By Tess Bartlett
Several weeks ago I found myself in a slump. I was so tired I felt like I’d hit a wall. I was doing far too much and knew something had to shift. It was during a coaching session with a lovely client that I became acutely aware of how reliant I was on my phone, social media, and the internet. It was the last thing that I did before switching my phone off at night and the first thing I did every morning. My alarm went off and I would reach for my phone and start scrolling. Waking up to images of models on Instagram would immediately put me in the “not good enough” mindset and I would start comparing myself to other people I didn’t even know.
Every time I had a couple of minutes spare I was flicking that damn thumb down the screen, my eyes glazing over and staring intently into nothingness hoping that something of interest would pop up and change my existence. It never did. I was lost in an online world and not at all present in my life. This was definitely not my happy place.
When I logged onto Facebook I noticed that my heart started beating faster and there was a spike in my anxiety. When I shut down my screen I would let out a sigh of relief. It was literally sapping the life out of me. Not only this, there seemed to be a spike in my anxiety every time I logged on. It was after becoming aware of how social media was affecting my mind and my body that I made the decision to beat this social media frenzy and bring space, calm and connection back into my life. I have worked a lot over the years on creating healthy relationship boundaries with those around me, where I am honest, assertive, and where I make sure my needs are being met. The same is needed for social media and the internet.
If you want to live in a world where you have meaningful connections with those around you, where you are at peace and feeling creative and inspired then there needs to be space. In order to make this space you need to have boundaries.
These are the steps that are going to free up your time. They will give you energy to feel creative and inspired to write, where you feel calm, energised and relaxed.
1. Be mindful
When you use social media be mindful of how it makes you feel in your body (download your guide to meditation here). Notice where your mind goes and the stories you are telling yourself. If you find yourself going off into comparison or judgment with stories of “I’m not good enough” or “look what they have” then maybe it’s time to rethink your social media use. Do you notice any change in your breathing? Become curious about any change in your state – are you agitated, frustrated or is there negative self-talk? Or, are you using it as a way of connecting, sharing, and being generous and kind to others?
2. Invest in an alarm clock
Rather than having your phone by your bed and waking up to a boring alarm with instant access to social media and the internet, go out and purchase a snazzy alarm clock. I bought a cool little blue clock with a radio alarm and today I woke up to music. Now that’s what I call an ideal wake up call.
3. Have designated social media times
If you have a business and you use it as part of your marketing strategy, then have a strategy. Instead of checking it whenever you feel like it, allocate times to check it when your fans/clients/readers are most likely to be online and use this time to respond to comments, like posts, share articles and write posts. Allocate 2-3 times a day to do this and leave it at that. No ceaseless checking. If you don’t have a business but find yourself feeling shite after you have looked, then maybe check in with how often you are using it and create some allocated social media times throughout your day. It will feel liberating and freeing to know you have so much time outside of this to do WHATEVER you choose and you will be much more productive when you log on. I schedule posts at night for the next morning and that way I am not thinking about social media when I wake up. It might suit you to schedule posts weeks in advance.Personally I have found that I tend to feel inspired in the moment and so post that way, just find something that works for you. Doing this will free up so much of your time! How many times have you gone to check social media and looked at the clock only to find that 20 minutes have passed?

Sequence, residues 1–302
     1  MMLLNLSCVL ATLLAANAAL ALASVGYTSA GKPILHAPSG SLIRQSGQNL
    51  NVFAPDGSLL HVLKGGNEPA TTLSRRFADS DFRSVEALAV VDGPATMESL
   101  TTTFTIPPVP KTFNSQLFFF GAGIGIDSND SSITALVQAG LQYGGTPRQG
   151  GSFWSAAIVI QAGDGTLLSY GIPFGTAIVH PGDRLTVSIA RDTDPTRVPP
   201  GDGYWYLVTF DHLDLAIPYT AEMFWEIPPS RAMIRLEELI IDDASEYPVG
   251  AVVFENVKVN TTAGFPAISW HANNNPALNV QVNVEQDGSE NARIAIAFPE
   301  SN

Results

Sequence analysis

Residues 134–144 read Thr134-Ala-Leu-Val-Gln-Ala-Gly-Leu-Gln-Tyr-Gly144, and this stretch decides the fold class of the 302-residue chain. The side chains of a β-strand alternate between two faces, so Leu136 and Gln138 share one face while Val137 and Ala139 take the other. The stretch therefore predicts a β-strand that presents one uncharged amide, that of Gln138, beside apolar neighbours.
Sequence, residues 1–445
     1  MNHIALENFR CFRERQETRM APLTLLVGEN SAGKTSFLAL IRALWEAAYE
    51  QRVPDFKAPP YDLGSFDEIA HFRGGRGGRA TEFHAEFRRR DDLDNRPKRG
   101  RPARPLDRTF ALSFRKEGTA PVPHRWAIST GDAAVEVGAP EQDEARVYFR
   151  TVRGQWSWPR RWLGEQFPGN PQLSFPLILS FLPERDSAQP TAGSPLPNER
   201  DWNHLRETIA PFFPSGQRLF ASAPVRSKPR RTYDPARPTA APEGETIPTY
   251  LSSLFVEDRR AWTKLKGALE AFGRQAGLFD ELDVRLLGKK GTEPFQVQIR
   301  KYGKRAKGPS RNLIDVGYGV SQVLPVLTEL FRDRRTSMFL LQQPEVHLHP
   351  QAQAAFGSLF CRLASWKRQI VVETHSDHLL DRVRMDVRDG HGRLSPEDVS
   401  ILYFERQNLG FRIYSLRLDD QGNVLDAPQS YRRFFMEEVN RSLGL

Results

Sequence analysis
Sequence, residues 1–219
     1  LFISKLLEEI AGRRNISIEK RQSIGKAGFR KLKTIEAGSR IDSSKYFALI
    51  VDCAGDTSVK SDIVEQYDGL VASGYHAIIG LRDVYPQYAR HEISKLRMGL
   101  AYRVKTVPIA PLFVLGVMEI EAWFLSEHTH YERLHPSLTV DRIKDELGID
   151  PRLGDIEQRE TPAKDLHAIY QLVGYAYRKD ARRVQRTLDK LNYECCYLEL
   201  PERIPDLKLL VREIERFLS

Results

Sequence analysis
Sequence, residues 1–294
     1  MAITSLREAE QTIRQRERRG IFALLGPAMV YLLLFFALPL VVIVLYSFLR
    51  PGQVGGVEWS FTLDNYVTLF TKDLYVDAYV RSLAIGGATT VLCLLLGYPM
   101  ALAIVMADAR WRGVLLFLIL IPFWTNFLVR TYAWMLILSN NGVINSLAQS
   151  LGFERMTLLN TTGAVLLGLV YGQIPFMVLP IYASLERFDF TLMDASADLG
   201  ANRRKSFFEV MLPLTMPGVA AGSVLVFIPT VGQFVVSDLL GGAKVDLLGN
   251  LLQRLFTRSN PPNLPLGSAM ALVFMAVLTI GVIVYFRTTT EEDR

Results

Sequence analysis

4. Log out
Once you have finished using social media, log out. Remove Facebook from your phone and only check it on your computer. It’s about being in control of your phone, not having a phone that is in control of you. Here is a great post from Nectar Collective on turning your phone off during the day. Logging out means that every time you want to check social media on your phone you have the added steps of logging on and you can choose not to.
5. Technology free after 6 pm
Being technology free after 6 pm means refraining from surfing the internet while the TVs on, or checking your emails or social media. Doing this allows you to relax and have space to breathe. It gives you down time and your mind, body, and soul will have the opportunity to slow down and be present to what is going on around you. Night time is about switching off and giving your mind and body the rest it needs to recuperate.
Tess Bartlett is a writer, speaker and Director of Tess Bartlett Holistic Coaching where she leads coaches, consultants and creatives who are Catalysts for Change and ready to refuel their passion for their craft and tune into their own superpowers. Tess gained her credentials in Life Coaching from The Coaching Institute, Australia and is a certified Meta Dynamics practitioner, incorporating mindfulness and self-compassion into her coaching practice.
Tess' writing has featured regularly in The Successful Coach Magazine, Happiness and Wellbeing Magazine, Blog Society, and on her own blog Whisperings of the Mind. She is also undertaking a PhD examining the experiences of fathers in prison.